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Frontline Treatment Selection in RAI-Refractory DTC

Insights From: Robert I. Haddad, MD, Dana-Farber; Matthew H. Taylor, MD, Oregon Health;R. Michael Tuttle, MD, MSKCC
Published: Friday, May 22, 2015
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It is not yet apparent which of the two FDA-approved agents available to treat RAI-intolerant differentiated thyroid cancer (DTC) should be utilized in the frontline setting. Both sorafenib and lenvatinib have shown positive response rates and progression-free survival benefits, but each has unique side effect profiles.

The frontline treatment process, according to Matthew H. Taylor, MD, should be stratified based on a patient’s comorbid illnesses. For example, if a patient at baseline has severe hypertension that has been refractory to medical management, sorafenib would be the better option compared with lenvatinib. However, if the patient has baseline cutaneous issues that put them at risk for hand-foot syndrome or other cutaneous reactions, lenvatinib would be the preferred choice.

For a patient with no substantial medical comorbidities, Taylor suggests that lenvatinib would be his first choice, based on its impressive response rate and progression-free survival (PFS).

In the phase III SELECT trial, the median PFS was 18.3 months with lenvatinib versus 3.6 months with placebo. The objective response rate (ORR) with lenvatinib was 64.8% versus 1.5% with placebo. In the pivotal DECISION trial, the median PFS was 10.8 months compared with 5.8 months, for sorafenib and placebo, respectively. Partial responses were observed in 12.2% of patients receiving sorafenib compared with 0.5% in the placebo arm.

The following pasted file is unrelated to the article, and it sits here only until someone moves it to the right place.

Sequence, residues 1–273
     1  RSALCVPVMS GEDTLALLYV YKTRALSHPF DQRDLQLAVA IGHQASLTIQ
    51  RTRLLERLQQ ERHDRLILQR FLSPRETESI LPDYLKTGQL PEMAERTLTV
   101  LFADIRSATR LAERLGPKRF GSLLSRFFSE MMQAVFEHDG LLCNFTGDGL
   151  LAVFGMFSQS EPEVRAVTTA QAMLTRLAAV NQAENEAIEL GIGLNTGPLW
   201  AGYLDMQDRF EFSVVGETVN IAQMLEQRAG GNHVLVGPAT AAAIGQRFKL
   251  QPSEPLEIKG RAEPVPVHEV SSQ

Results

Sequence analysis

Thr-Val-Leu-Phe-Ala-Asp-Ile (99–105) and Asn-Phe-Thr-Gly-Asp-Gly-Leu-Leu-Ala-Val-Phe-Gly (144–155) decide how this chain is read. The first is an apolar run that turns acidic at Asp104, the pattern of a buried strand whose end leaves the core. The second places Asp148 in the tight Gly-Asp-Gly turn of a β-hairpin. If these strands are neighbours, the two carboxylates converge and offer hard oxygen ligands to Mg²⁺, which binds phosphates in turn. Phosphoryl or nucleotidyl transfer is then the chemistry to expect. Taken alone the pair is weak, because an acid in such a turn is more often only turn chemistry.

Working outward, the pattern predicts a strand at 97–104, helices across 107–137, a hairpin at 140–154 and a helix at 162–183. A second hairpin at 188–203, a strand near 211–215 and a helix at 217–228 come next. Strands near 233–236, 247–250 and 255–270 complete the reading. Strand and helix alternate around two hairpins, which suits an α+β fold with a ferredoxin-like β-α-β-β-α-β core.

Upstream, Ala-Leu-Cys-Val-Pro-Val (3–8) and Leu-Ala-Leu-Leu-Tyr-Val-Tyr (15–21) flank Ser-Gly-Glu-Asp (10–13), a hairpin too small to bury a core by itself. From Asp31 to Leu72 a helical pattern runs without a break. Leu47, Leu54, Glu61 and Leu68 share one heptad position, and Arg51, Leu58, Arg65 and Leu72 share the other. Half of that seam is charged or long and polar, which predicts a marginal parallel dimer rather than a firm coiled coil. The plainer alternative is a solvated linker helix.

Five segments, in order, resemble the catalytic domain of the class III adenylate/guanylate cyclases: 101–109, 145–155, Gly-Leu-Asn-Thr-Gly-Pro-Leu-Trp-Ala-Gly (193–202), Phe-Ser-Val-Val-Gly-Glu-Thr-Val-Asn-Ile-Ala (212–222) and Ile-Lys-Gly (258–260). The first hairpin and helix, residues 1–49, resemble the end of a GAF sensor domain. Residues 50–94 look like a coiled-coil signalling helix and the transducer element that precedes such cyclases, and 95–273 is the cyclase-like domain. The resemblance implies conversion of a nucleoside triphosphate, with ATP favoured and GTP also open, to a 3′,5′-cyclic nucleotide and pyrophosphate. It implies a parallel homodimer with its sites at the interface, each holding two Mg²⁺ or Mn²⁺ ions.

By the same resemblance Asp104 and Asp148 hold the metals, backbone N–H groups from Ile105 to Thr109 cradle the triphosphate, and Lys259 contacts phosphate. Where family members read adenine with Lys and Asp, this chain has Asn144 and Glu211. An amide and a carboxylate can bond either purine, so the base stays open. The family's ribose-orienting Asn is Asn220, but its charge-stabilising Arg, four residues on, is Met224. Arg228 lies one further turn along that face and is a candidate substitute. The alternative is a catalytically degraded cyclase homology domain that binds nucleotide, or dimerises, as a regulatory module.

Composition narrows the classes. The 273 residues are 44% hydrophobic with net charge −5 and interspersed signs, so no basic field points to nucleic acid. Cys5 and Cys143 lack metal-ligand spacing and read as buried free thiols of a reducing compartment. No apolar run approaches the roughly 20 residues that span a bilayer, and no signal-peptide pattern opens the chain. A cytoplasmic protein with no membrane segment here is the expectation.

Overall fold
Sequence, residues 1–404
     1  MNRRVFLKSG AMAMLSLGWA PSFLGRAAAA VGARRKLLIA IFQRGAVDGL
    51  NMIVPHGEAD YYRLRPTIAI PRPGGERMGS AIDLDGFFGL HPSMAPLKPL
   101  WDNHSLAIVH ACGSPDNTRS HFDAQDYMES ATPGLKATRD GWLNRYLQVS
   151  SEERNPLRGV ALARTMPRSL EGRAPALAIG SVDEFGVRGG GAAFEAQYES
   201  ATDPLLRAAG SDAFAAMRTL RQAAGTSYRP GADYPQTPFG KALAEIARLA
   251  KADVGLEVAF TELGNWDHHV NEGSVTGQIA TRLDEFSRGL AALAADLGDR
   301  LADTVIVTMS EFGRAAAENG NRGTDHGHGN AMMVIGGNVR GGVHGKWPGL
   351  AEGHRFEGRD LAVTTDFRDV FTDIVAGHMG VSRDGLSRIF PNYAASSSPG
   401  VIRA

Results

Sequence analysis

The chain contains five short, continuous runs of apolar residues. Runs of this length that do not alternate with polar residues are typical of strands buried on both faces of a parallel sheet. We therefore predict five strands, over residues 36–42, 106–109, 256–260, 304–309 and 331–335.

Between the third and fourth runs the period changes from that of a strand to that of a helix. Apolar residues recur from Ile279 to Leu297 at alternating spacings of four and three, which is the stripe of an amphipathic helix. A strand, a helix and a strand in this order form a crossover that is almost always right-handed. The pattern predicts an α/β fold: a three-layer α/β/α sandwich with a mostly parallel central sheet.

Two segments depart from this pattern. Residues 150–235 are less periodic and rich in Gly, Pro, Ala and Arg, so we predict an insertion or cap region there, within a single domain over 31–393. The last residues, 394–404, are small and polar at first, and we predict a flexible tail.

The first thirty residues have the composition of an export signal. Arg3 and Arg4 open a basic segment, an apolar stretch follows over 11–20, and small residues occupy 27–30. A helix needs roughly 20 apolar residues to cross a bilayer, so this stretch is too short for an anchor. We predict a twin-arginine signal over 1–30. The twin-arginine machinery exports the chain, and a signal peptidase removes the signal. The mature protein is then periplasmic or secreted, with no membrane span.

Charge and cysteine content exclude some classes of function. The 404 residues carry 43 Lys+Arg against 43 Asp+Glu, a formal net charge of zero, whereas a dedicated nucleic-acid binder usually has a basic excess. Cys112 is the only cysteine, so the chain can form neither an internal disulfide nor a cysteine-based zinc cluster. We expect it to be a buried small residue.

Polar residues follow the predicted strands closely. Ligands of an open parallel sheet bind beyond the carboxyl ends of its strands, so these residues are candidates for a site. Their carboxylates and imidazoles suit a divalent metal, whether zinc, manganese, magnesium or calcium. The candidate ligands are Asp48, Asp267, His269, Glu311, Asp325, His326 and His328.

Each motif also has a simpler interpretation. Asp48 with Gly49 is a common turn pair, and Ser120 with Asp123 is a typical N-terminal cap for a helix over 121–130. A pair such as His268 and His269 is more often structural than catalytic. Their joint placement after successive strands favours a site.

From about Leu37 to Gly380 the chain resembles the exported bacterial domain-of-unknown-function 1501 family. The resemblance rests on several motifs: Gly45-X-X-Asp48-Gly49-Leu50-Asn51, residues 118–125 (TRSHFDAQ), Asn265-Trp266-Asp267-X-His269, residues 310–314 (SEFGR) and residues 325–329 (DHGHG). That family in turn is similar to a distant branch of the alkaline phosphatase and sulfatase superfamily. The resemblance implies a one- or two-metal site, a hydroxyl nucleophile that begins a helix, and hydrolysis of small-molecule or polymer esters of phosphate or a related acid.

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For High-Definition, Click
It is not yet apparent which of the two FDA-approved agents available to treat RAI-intolerant differentiated thyroid cancer (DTC) should be utilized in the frontline setting. Both sorafenib and lenvatinib have shown positive response rates and progression-free survival benefits, but each has unique side effect profiles.

The frontline treatment process, according to Matthew H. Taylor, MD, should be stratified based on a patient’s comorbid illnesses. For example, if a patient at baseline has severe hypertension that has been refractory to medical management, sorafenib would be the better option compared with lenvatinib. However, if the patient has baseline cutaneous issues that put them at risk for hand-foot syndrome or other cutaneous reactions, lenvatinib would be the preferred choice.

For a patient with no substantial medical comorbidities, Taylor suggests that lenvatinib would be his first choice, based on its impressive response rate and progression-free survival (PFS).

In the phase III SELECT trial, the median PFS was 18.3 months with lenvatinib versus 3.6 months with placebo. The objective response rate (ORR) with lenvatinib was 64.8% versus 1.5% with placebo. In the pivotal DECISION trial, the median PFS was 10.8 months compared with 5.8 months, for sorafenib and placebo, respectively. Partial responses were observed in 12.2% of patients receiving sorafenib compared with 0.5% in the placebo arm. 
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